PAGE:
Written by: Michael Den Boer on February 27th, 2011
Theatrical Release Dates: USA, 1973 (Cop Killers), USA, 1983 (The Being)
Directors: Walter R. Cichy (Cop Killers ), Jackie Kong (The Being)
Cast: Thomas Burnes, Ted Ellison, Jim Ferguson, Diane Keller, Charles Kendrick, Steven Kenner, Larry Langela, James Nite, Bill Osco, Judy Ross, Donna Stubbert, Michael D. White, Jason Williams (Cop Killers), Martin Landau, Marianne Gordon, Bill Osco, José Ferrer, Dorothy Malone, Ruth Buzzi, Murray Langston, Kinky Friedman, Johnny Dark, Kent Perkins, Ellen Blake (The Being)
DVD released: February 22nd, 2011
Approximate running times: 94 minutes (Cop Killers), 82 minutes (The Being)
Aspect Ratio: 1.78:1 Anamorphic Widescreen (Both Films)
Sound: Dolby Digital Mono English (Cop Killers), Dolby Digital Stereo English (The Being)
DVD Release: Code Red
Region Coding: Region 0 NTSC
Retail Price: $14.98
The Being: A toxic waste site transforms a missing boy into a mutant that preys on the locales.
Growing up in the early 1980’s there was never a shortage of new horror films. And while many of them were just knock offs of whatever was most successful at that moment. There were also an abundance of crudely made horror films that have not aged well at all. The Being leans heavily in the latter category.
The nonexistent plot that is barley held together by its absurd kill scenes. Most of which induce laughter. Instead of fright. To make matters worse. The film is tediously paced. With way to many stretches were anything remotely interesting happens. The direction is at best serviceable and the acting (if one would even call it that) is awful. The most mind boggling aspect of this production. is how did they ever get an actor like Martin Landau (Ed Wood) to appear in this abomination. And while I can appreciate schlocky cinema. This film is not ‘so bad its good’. It is simply a bad film. You have been warned!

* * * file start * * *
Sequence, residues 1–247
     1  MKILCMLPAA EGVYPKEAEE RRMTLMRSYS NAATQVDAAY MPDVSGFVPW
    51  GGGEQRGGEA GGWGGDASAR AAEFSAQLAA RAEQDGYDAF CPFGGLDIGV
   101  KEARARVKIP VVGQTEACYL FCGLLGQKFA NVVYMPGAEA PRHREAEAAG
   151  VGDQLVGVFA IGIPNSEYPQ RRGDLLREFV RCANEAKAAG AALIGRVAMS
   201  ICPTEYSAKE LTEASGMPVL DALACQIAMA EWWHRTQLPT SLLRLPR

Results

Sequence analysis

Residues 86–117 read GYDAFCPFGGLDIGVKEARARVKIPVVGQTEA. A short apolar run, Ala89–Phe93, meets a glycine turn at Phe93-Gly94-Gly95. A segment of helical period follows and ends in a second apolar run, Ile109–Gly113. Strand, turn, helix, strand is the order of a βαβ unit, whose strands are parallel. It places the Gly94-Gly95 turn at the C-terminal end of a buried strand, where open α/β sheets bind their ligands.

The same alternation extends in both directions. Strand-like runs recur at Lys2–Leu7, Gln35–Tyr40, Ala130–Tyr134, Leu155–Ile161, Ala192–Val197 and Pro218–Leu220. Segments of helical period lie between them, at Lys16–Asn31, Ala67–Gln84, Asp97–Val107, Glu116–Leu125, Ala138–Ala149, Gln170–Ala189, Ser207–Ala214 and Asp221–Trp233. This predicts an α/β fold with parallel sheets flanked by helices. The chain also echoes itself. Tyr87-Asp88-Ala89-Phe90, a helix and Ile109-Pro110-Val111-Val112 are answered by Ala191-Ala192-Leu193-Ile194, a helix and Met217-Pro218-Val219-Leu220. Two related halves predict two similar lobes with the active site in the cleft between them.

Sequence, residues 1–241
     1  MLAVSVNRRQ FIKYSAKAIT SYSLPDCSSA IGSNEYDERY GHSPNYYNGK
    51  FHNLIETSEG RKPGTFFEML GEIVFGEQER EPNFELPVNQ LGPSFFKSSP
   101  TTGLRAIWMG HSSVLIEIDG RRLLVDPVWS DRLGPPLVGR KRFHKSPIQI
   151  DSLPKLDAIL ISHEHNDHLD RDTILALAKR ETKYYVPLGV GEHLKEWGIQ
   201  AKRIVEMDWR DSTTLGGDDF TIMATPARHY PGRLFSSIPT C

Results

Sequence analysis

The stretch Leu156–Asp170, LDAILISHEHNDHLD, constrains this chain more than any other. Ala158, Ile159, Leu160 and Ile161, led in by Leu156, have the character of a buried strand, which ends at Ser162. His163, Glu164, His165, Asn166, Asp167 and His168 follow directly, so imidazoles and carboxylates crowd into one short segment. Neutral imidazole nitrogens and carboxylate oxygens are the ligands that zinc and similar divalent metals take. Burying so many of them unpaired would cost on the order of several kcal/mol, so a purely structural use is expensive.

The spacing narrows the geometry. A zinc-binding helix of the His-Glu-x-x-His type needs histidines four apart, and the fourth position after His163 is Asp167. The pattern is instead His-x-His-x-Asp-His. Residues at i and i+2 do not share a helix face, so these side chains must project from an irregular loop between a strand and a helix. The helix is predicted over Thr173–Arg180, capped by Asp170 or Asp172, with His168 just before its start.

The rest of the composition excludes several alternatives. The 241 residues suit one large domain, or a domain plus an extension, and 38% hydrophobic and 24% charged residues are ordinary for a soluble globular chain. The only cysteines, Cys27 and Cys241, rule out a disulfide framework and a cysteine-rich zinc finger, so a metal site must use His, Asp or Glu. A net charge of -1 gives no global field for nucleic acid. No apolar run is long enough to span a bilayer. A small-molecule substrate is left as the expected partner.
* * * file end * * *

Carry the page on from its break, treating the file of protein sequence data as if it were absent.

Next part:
Cop Killers: Alex and Ray are ambushed as they attempt to cross the Mexico/U.S. border with 5 keys of cocaine. Instead of giving up they get caught up in a shoot out where in the end they are the only ones left alive while four cops are now dead. Now outlaws the two of them are determined more then ever to complete the drug deal they had set up and escape back across the border with the money they are getting.
Early on the films dark tone is set when Alex and Ray kill four border cops. The killers are not your standard and the last one is excessive in its brutality. This scene also gives sets in stone the difference between the two leads. Ray is a cold blooded killer who bullies those weaker then him to get what he wants and those who resist him end up dead. Alex is laid back and killing is not something he can easily stomach. The body count in this film rises as they trek across the land to meet their connection. All but one of the killings is by Ray and he finds new and fascinating ways to dispose of his prey. All the murders are bloody and graphic with a few point blank gunshots to the face.